Around about this time last year I was working just a day a week at the tasting room and a sweet little brown eyed boy was there with his parents. Lots of kids come thru and I don’t always take the time to connect with them while I serve their parents. This boy was sweet as can be and his eyes looked familiar to me so I couldn’t help but interact with him. When I asked his name he answered “Isaac”. I smiled kindly and though I felt a sting in my eyes as tears began to well up, I maintained my fragile composure well enough to finish up with his folks and resist the urge to hold him in a big hug. I had a fierce sense that this wasn’t a coincidence and said a short prayer of gratitude for the short visit with that little person. But I also stopped asking little boys names. It seemed the best way to keep going to work!
So tonight I found myself face to face with a little one with those familiar eyes. His parents were loving and doted on him and that always makes me connect more with a child– I love loved children– they fascinate me. He was shy. I gave him endless oyster crackers and a drink box. I spent about 20 minutes with his parents talking about our products because they were interested and interesting. I continued interacting with this little guy and high fiving him and trying to conjure more than a sleepy smile from his sweet face. I forgot that I don’t ask names anymore, he made me forget. He was so sweet and those eyes just got to me. So I asked his name and he was too shy to answer though he looked me in the eyes and smiles coyly. His mama said “can you tell her your name is Isaac?” I said your name is Isaac? That’s a very nice name. I like that name very very much. I turned to my coworker, my life long friend Callie Dee and said “have you met Isaac” her eyes smiled and then turned misty. I thought, this is why I don’t ask and also why I do. I was fine. I guess I was fine. I decided I was fine. I’ve endured far more and this was more a sweet little hello from beyond or perhaps simply a good name.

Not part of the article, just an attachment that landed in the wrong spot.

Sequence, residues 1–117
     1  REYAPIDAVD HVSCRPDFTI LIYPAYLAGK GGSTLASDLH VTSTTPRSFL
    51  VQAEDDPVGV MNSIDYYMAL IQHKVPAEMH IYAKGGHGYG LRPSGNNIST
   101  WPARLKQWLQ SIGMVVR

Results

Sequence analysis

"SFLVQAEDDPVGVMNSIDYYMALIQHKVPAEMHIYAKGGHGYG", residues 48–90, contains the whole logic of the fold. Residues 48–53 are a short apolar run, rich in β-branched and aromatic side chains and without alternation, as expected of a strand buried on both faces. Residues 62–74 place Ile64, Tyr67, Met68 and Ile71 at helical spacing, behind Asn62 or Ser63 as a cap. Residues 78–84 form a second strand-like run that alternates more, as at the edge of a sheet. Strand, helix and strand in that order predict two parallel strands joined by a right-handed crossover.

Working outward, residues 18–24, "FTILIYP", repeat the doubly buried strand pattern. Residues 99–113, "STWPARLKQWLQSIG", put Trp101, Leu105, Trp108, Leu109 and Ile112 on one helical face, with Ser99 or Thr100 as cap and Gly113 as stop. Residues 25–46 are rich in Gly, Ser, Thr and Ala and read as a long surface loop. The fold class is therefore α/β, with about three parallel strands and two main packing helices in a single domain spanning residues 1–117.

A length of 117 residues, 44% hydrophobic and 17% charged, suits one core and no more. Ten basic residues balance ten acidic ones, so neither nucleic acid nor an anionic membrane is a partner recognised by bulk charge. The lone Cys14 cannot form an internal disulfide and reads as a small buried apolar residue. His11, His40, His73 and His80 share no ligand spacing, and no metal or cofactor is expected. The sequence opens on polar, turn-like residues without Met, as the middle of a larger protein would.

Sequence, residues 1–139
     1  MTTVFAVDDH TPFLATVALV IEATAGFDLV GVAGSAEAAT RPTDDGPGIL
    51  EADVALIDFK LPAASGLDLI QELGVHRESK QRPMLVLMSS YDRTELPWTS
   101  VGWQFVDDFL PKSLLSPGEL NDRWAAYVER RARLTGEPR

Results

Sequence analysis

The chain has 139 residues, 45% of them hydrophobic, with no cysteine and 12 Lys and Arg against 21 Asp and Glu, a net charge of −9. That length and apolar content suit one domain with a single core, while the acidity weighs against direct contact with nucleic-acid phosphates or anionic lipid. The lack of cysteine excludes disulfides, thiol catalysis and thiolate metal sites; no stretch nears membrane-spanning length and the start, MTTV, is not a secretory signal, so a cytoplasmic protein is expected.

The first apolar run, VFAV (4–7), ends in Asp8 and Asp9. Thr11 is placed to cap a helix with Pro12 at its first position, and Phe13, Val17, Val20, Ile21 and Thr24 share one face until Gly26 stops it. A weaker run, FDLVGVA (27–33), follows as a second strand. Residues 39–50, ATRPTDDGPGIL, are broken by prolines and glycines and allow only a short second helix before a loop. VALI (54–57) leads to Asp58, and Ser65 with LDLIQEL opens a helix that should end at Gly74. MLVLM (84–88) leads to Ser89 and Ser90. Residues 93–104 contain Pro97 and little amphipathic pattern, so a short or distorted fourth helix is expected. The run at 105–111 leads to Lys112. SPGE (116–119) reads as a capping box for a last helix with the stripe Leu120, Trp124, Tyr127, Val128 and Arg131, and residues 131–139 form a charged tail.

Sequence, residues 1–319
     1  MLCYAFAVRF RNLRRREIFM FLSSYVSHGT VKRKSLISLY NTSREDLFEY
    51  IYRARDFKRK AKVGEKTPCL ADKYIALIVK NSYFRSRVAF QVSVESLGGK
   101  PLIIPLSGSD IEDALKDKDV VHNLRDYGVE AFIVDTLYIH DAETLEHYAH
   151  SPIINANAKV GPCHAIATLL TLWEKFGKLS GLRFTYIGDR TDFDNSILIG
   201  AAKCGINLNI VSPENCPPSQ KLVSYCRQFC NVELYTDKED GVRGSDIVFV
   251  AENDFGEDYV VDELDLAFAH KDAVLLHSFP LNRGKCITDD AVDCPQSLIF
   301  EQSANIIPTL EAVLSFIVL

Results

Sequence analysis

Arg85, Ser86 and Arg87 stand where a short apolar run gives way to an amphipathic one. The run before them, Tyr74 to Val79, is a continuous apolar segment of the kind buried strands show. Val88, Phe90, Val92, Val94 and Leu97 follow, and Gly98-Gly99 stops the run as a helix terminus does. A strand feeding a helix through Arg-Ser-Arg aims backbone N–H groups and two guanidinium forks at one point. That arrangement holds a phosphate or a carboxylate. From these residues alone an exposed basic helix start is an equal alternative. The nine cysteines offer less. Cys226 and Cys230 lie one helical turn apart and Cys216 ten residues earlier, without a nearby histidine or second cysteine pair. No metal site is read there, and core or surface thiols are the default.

Waiting patiently behind these guys were a group of women I know of– we know who each other is– but we aren’t what I would call friends (nor enemies! As if!😜), they know my sister and one of my sister in laws. One asked how I was, with intentionality and kindness and I said “I’m ok but that little boy was named Isaac”. It just sort of came out. We were busy and it was probably not the best timing but, since she asked I just said the truth. I knew she knew “my story” and it just sorta effortlessly fell from my lips. Even I was surprised that was what I said and I know she could see that in my face. She was sweet. Her mother, several minutes later said “I just want you to know we were at the benefit last year for your son and it was so beautiful, such an elegant tribute”. I said thank you, it really was, I think about that night often when I look out at the barn. They finished and left.